London: England have lost their sixth wicket with Chris Woakes and Jos Buttler falling to Lockie Ferguson and the Cricket World Cup final against is New Zealand at the Lord’s on Sunday is anybody’s game.
Earlier, half centuries from Ben Stokes and Jos Buttler was keeping alive England's hopes of winning the Cricket World Cup (men’s) for the first time. With 3 overs remaining, England need 34 runs to win.
However, Woakes (2 runs from 4 balls) and Buttler (59 from 60) fell to Lockie Ferguson in quick succession. Buttler was caught by substitute Tim Southee at sweeper cover. Buttler failed to judge the slower ball from Ferguson. He sliced it in the air. Southee initially misjudged the flight of the ball. He moved to his left, then to his right, then sprinted in to grab a pressure catch.
Soon after, Woakes edged the ball to wicket keeper Tom Latham. Brought together with England reeling at 86-4, Stokes and Buttler produced a 100 run partnership to move the team to 196-5 off 45 overs.
The tightest finish to a World Cup final also involved England, in 1987, when Australia won by seven runs.
Stokes and Buttler, two of the team's most destructive batsmen, were trying to rebuild the innings after captain Eoin Morgan fell for 9 to a stunning catch by Lockie Ferguson at deep point. Running in from the boundary, he dived forward and took a two-handed catch just before the ball hit the ground off Jimmy Neesham's first ball. That left England on 86-4 at the time.
Earlier in the 17th over, Joe Root got stuck on the crease and edged a wide delivery by the New Zealand allrounder to wicketkeeper Tom Latham for 7 off 30 balls. One ball earlier, he had charged down the ground to smash Colin de Grandhomme and mossed
Jonny Bairstow then edged onto his stumps off Lockie Ferguson for a 55-ball 36.
De Grandhomme had figures of 1-25 off his stipulated 10 overs and is leading the strangling of England's batsmen at a tension-filled Lord's. England had emerged from a testing opening 10 overs of the reply with just Jason Roy back in the pavilion.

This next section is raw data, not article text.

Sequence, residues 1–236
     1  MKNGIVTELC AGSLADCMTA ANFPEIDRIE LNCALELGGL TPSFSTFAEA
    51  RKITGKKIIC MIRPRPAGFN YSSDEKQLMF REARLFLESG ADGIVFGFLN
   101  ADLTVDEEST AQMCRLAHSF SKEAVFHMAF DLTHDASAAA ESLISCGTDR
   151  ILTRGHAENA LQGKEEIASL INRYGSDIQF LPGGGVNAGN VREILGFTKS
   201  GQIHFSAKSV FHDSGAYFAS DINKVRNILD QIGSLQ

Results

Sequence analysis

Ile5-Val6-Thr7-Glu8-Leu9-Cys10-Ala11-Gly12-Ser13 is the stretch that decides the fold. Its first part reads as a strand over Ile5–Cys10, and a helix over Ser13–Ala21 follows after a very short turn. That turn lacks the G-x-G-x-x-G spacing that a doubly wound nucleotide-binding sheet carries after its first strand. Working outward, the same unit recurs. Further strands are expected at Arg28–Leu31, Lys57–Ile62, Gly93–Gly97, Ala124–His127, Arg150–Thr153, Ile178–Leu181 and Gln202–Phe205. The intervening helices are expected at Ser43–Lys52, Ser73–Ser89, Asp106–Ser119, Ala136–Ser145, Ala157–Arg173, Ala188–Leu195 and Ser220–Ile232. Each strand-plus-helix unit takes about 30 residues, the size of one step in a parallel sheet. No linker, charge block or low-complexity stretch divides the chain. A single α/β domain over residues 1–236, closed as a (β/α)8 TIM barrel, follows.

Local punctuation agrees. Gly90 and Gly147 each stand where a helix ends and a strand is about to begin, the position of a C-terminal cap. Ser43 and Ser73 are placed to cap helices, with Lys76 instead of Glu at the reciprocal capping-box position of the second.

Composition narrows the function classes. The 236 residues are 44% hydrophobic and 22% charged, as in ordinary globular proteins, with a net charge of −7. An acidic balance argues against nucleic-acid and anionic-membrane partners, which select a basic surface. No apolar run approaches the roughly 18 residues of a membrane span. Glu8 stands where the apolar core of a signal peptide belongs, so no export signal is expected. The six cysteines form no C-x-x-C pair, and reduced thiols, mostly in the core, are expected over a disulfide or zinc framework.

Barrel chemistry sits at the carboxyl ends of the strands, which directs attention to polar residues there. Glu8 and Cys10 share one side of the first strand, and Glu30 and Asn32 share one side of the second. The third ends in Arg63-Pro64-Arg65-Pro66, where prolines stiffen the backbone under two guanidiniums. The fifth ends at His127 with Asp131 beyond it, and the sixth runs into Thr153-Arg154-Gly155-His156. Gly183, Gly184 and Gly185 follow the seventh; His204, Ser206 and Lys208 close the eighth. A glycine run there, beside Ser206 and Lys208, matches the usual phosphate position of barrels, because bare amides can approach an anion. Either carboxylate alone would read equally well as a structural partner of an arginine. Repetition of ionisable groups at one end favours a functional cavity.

Roy had survived an lbw review off the very first ball — replays showed Trent Boult's inswinging delivery was hitting leg stump, but umpire Marais Erasmus' original decision was not out — and struck three fours before edging Matt Henry behind for 17.
Bairstow, who had struggled against Henry, was beaten all ends up twice by the paceman, while an inside edge of Boult just missed the stumps. It was England's second-lowest score from the opening powerplay in this tournament.
The Englishmen are chasing 242 to win the Cricket World Cup for the first time after Liam Plunkett's 3-40 helped to limit New Zealand to another middling total in the final at Lord's.
After winning the toss, Kiwis captain Kane Williamson had opted to bat first. Every New Zealand specialist batsman got into double figures but only opener Henry Nicholls (55) reached a half-century in the face of a disciplined bowling effort from the tournament host.
Plunkett, one of the understated members of the England team, took center stage by removing New Zealand captain Kane Williamson (30) and Nicholls in the space of 14 balls. The seamer also took the wicket of dangerous allrounder Jimmy Neesham (19).
Tom Latham plundered 46 off 57 balls as the Black Caps stumbled to 241-8 by making 62 runs off the final 10 overs.
The Black Caps, who are also seeking their first world title, have proved adept at defending relatively small totals in this tournament and Lord's isn't known for its heavy scoring in ODIs. In the semifinals, India failed to chase down 240 against New Zealand in Manchester.
(With inputs from AP)